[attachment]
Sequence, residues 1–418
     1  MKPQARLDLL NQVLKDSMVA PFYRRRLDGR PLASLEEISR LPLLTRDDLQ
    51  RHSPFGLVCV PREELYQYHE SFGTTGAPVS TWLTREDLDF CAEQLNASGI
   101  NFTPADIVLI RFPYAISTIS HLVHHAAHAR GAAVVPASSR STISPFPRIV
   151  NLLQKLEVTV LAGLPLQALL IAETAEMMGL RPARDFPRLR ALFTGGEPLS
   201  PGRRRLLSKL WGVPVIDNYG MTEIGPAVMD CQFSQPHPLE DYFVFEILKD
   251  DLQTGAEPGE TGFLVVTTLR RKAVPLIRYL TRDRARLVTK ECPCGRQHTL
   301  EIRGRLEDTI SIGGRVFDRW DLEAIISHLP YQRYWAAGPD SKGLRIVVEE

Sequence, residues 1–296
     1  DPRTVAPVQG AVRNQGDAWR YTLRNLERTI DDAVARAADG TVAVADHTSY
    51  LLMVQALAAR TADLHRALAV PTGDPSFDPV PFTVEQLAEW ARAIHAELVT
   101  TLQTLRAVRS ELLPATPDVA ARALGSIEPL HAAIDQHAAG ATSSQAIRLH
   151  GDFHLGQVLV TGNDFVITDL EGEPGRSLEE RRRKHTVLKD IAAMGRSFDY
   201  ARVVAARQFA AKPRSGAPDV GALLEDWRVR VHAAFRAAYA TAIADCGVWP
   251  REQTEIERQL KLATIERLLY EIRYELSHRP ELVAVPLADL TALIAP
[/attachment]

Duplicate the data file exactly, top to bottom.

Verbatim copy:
Sequence, residues 1–418
     1  MKPQARLDLL NQVLKDSMVA PFYRRRLDGR PLASLEEISR LPLLTRDDLQ
    51  RHSPFGLVCV PREELYQYHE SFGTTGAPVS TWLTREDLDF CAEQLNASGI
   101  NFTPADIVLI RFPYAISTIS HLVHHAAHAR GAAVVPASSR STISPFPRIV
   151  NLLQKLEVTV LAGLPLQALL IAETAEMMGL RPARDFPRLR ALFTGGEPLS
   201  PGRRRLLSKL WGVPVIDNYG MTEIGPAVMD CQFSQPHPLE DYFVFEILKD
   251  DLQTGAEPGE TGFLVVTTLR RKAVPLIRYL TRDRARLVTK ECPCGRQHTL
   301  EIRGRLEDTI SIGGRVFDRW DLEAIISHLP YQRYWAAGPD SKGLRIVVEE

Sequence, residues 1–296
     1  DPRTVAPVQG AVRNQGDAWR YTLRNLERTI DDAVARAADG TVAVADHTSY
    51  LLMVQALAAR TADLHRALAV PTGDPSFDPV PFTVEQLAEW ARAIHAELVT
   101  TLQTLRAVRS ELLPATPDVA ARALGSIEPL HAAIDQHAAG ATSSQAIRLH
   151  GDFHLGQVLV TGNDFVITDL EGEPGRSLEE RRRKHTVLKD IAAMGRSFDY
   201  ARVVAARQFA AKPRSGAPDV GALLEDWRVR VHAAFRAAYA TAIADCGVWP
   251  REQTEIERQL KLATIERLLY EIRYELSHRP ELVAVPLADL TALIAP